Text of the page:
Image above: Grand Coulee Dam (Image courtesy of U.S. Department of the Interior, Bureau of Reclamation – Creator: Kirsten Strough)
Humans have been harnessing the power of water to perform work for thousands of years. The Greeks used water wheels for grinding wheat into flour more than 2,000 years ago, while the Egyptians used Archimedes water screws for irrigation during the third century B.C. China developed trip hammers powered by water wheels in the second century B.C. However, the evolution of the modern hydropower turbine began in the mid-1700s when a French hydraulic and military engineer wrote the groundbreaking Architecture Hydraulique. Since then, more innovations in turbine technology came about with the Francis turbine, the Pelton wheel and the Kaplan turbine.
Across the U.S. in the 1880’s and 1890’s, small hydropower plants were popping up around the country to power mills and light some local buildings. Some of the first commercial hydroelectric installations were the Redlands Power Plant in California in 1893 and the Edward Dean Adams Power Plant built in 1895 at Niagara Falls. Soon after 1900, advances in hydropower facility designs and major policy initiatives, such as the New Deal and creation of the Tennessee Valley Authority, led to the construction of major projects like the Hoover and Grand Coulee dams. Hydropower accounted for 40% of the nation’s electricity generation by 1940.
Hydropower was seen as one of the best ways to meet growing energy demand and was often tied to the development of energy-intensive industries such as aluminum smelters and steelworks. However, financial constraints and concerns about the environmental and social impacts of hydropower development halted many projects at the end of the last century.
Some countries are now reassessing hydropower’s value and role in national and economic development. Existing practices have been pushed aside with new hydropower developments putting a greater focus on sustainability and affected communities. This shift resulted in a growing appreciation of hydropower’s role in combatting greenhouse gas emissions, reducing poverty and boosting prosperity – particularly in Asia and South America. Between 2000 and 2017, nearly 500,000 megawatts (MW) in hydropower capacity were added worldwide. Overall global hydropower installed capacity reached 1,330,000 MW in 2020.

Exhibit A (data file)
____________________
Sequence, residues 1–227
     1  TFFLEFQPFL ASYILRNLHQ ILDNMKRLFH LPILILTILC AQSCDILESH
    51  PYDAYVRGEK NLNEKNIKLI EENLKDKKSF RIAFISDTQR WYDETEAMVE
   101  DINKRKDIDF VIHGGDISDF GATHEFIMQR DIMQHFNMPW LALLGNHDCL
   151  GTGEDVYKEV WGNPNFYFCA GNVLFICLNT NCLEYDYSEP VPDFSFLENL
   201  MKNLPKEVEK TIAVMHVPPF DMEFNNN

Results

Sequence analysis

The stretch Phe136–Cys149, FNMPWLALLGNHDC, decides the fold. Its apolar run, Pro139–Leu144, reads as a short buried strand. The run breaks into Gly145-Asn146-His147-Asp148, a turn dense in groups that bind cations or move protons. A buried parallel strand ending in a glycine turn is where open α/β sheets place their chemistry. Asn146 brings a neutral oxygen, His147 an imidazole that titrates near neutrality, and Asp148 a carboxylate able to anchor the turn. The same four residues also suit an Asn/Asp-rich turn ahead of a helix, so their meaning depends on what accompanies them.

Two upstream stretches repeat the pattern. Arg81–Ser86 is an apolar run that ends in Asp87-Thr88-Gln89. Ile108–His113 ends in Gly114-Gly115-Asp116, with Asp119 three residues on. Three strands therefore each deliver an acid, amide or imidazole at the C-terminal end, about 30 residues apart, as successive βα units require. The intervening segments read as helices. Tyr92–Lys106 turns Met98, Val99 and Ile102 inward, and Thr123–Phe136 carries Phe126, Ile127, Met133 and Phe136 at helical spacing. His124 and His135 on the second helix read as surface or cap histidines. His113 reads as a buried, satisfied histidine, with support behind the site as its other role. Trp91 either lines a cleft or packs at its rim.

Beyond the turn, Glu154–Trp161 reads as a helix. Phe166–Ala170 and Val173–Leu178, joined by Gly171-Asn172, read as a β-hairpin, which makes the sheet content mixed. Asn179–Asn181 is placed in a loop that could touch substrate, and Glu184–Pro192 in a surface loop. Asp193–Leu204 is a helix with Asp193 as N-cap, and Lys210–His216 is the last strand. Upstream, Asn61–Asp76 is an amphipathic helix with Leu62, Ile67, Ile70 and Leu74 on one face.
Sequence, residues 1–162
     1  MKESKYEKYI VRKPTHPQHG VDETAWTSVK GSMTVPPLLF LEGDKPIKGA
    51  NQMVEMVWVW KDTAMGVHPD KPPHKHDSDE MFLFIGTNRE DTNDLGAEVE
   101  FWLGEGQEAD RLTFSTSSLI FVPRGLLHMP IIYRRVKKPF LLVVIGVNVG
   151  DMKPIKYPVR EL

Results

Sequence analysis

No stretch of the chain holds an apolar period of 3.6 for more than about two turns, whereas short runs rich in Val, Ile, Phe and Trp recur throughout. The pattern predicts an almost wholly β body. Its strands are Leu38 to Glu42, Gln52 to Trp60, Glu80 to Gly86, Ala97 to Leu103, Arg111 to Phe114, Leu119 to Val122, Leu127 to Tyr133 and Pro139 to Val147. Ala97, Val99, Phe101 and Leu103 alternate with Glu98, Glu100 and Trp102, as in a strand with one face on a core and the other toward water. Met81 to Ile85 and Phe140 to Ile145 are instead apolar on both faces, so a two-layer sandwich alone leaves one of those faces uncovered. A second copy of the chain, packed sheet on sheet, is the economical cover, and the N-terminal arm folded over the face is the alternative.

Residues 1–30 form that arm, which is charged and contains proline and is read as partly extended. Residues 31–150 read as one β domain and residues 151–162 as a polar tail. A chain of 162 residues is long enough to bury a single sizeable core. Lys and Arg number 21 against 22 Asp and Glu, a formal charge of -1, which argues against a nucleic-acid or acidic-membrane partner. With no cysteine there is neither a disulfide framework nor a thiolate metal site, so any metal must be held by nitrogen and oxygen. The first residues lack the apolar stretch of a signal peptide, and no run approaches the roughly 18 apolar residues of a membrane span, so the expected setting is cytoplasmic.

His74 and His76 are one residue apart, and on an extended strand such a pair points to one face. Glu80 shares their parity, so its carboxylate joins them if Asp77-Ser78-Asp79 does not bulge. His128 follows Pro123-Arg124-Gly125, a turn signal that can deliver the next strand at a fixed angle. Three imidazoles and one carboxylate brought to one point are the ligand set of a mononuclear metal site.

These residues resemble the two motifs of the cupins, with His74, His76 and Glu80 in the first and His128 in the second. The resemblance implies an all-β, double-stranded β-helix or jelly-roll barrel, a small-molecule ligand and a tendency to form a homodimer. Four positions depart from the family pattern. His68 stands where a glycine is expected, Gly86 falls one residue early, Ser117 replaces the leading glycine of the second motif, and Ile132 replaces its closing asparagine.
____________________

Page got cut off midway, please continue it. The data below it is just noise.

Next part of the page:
The United States currently has 102,840 MW of hydroelectric generation capacity consisting of 79,946 MW of conventional hydroelectricity and 22,894 MW of pumped-storage hydroelectric generating capacity. Five states, including Alabama, make up 51% of hydroelectric generation capacity. Precipitation levels can have an impact on annual generation so capacity does not always reflect performance. Five states, including Virginia, South Carolina and Georgia, account for 61% of U.S. pump-storage hydroelectric capacity.
Still, hydroelectric generation capacity could be so much more. There are nearly 90,000 dams in the U.S. Only a small fraction (3%) generate power. The potential hydropower production from these existing impoundments could achieve 12,000 MW.
While there are conventional hydropower/hydroelectric facilities that are in nearly every state, one state sticks out as having zero generation from hydroelectric resources – Mississippi. Despite being surrounded by rivers (the Mississippi and the Tennessee-Tombigbee) and ocean (Gulf of Mexico) and having hundreds of miles of rivers and streams throughout the interior of the state, Mississippi has not facilitated the development of these types of projects. However, that could be changing very soon!
Rye Development in conjunction with a funding partner is a developer of 22 run-of-river hydropower projects and holds 13 Federal Energy Regulatory Commission (FERC) licenses on existing dams in six states, including four FERC licenses in Mississippi. These projects are located in the Yazoo River Basin on the four flood control dams owned and operated by the U.S. Army Corps of Engineers. The lakes are the Arkabutla, Enid, Grenada and Sardis. Ranging in capacity from 4.6 MW to 14.6 MW with a total capacity of 33.3 MW, the annual expected generation of 119,400 MWh will provide a valuable addition to the state’s generation mix and can power up to 11,000 homes. Building these projects will create 150+ jobs and cost approximately $80 million. With an expected lifespan of 80 years, these projects can contribute to the local economies for several generations.
Rye has also proposed constructing a hydropower facility at the Ross Barnett Reservoir near the Spillway. Analysis indicates that three 7-MW Kaplan turbines could generate 50,000 MWh annually. Three 14-foot diameter penstocks could be tunneled through the existing dam. This is a preliminary assessment and much work would need to be done to bring this to fruition.
Does hydropower have a future in Mississippi? Time will tell. I know that I am excited about the opportunities for hydropower technology, whether it is run-of-river, wave power, tidal power, pumped-storage or other. I wish Rye Development and other innovators the best as they bring new clean energy resources to market.